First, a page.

Strategic copywriters also understand content quality factors like the importance of E-A-T, user experience and social shareability factors, and can make copy recommendations that acknowledge these. We’re not convinced an NLG tool can go ‘beyond the words’ when it comes to creating content, and thus it’s unlikely you’ll see the same level of valuable recommendations.
5. Because the human mind is truly creative
One of the most beautiful things about the human mind is that each of us has unique thoughts and perspectives, and we all have the power to unlock our creativity in new and exciting ways. A good copywriter will be able to do just that.
It’s worth remembering that an NLG tool is quite literally generating language and content from ideas that already exist. At the moment, they appear to be taking content on a particular subject from the web, trying to understand it, and then essentially repurposing it. These tools aren’t creating anything genuinely new, or coming up with original thought in the way a human would. That’s not to say that most of the human-produced content we find online is completely original and unique, as that tends not to be the case. But there are ways we can make the content we create a good deal more valuable, and it involves a lot of the practices rooted in traditional journalism. Fundamentally, research. Which brings us to our next point…
6. Because copywriters can incorporate primary research
Much like traditional journalists, where possible, copywriters can and should incorporate original primary research into their content. This could be expert quotes, interview content, survey results, or any other type of research undertaken first-hand. The clever people over at Animalz call this ‘informational gain’. It’s about considering what you can add to the conversation around a topic to provide a different take on things.
As content strategists and copywriters, we shouldn’t just be looking to competitors to see how we can improve our client’s content. We should be looking to make our content stand out altogether, in a way that benefits the user. This is what will set us apart from automated NLG tools.
At this stage, as we’ve established, NLG’s can only churn out content based on what already exists online. They are unable to produce original research or thought.
Does this mean that once they’re commonplace, we’ll be heading towards a homogenisation of content and a complete lack of original thought and ideas? Will that be the new state of play?
Our Senior SEO Consultant Jose Hernando says:
“The rise of new and sophisticated NLG models like GPT-3 show us the huge potential that this technology can have for content creation. It seems that although these models are very impressive for short-form content, we are not yet at a point where coherent long-form content can be generated for a wide range of topics. However, I can see this changing in a relatively short period of time considering the number of resources that huge companies like Open-AI, Google or Microsoft are putting into it and how easily accessible they are with many of them being open-source or via relatively low-priced APIs.”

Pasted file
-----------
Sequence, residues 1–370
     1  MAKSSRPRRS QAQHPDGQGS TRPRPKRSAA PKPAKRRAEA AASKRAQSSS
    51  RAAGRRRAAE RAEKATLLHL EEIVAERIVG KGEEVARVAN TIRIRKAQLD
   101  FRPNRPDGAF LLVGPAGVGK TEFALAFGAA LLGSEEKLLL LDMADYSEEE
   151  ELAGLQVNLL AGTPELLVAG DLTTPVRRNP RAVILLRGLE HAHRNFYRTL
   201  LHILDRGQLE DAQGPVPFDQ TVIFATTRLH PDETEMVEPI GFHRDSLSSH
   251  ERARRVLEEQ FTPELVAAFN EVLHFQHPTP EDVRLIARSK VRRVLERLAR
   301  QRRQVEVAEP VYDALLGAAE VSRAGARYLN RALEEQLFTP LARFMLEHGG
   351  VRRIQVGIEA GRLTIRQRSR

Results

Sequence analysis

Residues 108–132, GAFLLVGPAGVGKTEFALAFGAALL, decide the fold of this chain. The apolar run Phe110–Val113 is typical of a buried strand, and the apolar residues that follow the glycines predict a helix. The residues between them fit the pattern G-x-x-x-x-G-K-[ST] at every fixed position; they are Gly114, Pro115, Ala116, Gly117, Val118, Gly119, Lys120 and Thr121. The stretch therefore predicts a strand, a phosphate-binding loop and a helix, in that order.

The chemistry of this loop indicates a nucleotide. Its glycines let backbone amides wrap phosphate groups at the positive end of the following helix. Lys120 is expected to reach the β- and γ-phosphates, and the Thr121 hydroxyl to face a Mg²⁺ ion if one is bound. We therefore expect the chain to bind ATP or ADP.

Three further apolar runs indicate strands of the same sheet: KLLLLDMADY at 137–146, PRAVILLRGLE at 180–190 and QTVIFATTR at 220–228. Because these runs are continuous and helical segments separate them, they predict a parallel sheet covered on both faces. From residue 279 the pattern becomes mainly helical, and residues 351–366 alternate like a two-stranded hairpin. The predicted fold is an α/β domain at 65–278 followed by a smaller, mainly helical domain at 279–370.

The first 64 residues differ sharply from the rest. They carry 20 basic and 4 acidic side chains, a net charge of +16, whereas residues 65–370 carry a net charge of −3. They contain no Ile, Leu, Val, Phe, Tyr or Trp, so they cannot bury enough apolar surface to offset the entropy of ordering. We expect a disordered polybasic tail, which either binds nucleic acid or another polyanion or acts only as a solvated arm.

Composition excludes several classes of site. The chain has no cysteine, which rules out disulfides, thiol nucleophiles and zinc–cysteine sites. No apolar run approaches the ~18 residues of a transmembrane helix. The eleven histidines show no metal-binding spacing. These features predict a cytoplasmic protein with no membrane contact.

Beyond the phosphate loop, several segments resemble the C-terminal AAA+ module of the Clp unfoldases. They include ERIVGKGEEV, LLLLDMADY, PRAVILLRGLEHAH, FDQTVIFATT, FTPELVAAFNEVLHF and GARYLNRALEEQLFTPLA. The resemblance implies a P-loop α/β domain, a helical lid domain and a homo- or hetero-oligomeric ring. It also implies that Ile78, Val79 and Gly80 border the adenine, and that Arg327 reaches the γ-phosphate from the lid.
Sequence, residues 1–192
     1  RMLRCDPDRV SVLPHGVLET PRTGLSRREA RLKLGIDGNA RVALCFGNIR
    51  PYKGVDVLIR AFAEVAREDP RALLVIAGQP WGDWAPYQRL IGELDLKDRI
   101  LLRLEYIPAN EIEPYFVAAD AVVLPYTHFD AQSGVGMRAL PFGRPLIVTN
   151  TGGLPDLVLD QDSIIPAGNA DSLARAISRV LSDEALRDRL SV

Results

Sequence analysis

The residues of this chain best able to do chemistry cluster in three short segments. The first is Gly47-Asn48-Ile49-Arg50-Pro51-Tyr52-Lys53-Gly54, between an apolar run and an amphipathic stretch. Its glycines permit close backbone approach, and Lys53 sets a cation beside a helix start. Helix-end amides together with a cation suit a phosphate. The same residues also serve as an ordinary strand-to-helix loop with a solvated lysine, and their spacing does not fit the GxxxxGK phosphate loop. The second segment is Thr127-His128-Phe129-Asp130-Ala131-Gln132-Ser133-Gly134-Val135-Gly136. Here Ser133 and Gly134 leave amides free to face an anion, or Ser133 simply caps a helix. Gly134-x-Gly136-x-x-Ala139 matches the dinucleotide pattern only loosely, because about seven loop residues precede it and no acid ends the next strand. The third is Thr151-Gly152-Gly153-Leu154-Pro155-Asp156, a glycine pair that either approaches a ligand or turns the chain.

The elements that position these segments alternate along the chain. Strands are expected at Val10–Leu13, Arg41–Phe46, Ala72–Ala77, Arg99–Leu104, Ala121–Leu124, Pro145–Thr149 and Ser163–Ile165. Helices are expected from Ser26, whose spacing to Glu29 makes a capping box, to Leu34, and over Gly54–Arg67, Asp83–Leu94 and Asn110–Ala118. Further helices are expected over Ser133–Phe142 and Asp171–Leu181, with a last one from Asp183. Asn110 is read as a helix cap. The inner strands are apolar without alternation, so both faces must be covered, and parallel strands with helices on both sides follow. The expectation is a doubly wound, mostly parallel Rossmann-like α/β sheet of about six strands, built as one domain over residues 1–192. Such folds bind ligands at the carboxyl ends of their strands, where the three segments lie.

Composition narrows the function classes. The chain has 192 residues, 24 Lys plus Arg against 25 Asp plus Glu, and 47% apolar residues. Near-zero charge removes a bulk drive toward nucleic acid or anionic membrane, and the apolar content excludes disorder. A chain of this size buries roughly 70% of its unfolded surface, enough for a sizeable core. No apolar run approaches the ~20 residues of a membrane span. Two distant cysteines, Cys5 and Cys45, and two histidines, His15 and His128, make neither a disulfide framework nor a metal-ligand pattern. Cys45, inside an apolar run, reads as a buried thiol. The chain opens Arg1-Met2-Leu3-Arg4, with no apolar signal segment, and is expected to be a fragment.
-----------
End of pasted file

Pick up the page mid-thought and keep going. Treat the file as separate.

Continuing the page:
However, there is a flip side to AI NLG tools…
Despite the argument for retaining actual human copywriters – and we think it’s a good one – that’s not to say NLG automation tools have no place in our working worlds. In fact, we can see there are several instances in which utilising a tool like this could really benefit your workflow, particularly in relation to making efficiencies and therefore potentially cutting costs.
Where a tool like this can really hold court, is in producing snappy sports match reports, weather reports – or really any report whereby there’s plenty of data to go by. This software tends to be good at simultaneously reading and understanding large amounts of data and writing reports off the back of it. Content that doesn’t need to have a persuasive slant or be rooted in opinion works particularly well.
Some content areas an NLG tool might be advantageous include:
- Product descriptions
- Localising copy – for example, from British English to US English
- Corporate reports based on stats and figures
- Metadata (titles & descriptions)
- Short ad copy
- H1s / H2s/subheadings
These pieces of content would undoubtedly need the human touch when it comes to a final QA and sign off, but the ‘hard graft’ so to speak, could save your copywriter lots of time. Time which could be better spent on strategy, editing, QA and a smooth delivery.
The inevitable rise of AI-powered NLG tools shouldn’t be a concern for copywriters or agencies, it should merely force us to take greater stock in the value of human words. We need to consider where it is that copywriters add real value, and where we can use these tools to help make efficiencies to allow human copywriters to do the job better.
It’s easy to say the majority of NLG tools just aren’t cutting in and can’t be relied upon to produce client-ready copy, but this will undoubtedly change in the future and we have to presume they’re only going to get better.
Copywriters will therefore need to focus on the added value they deliver, by futureproofing content and going above and beyond to prioritise informational gain, original thoughts, and content formats.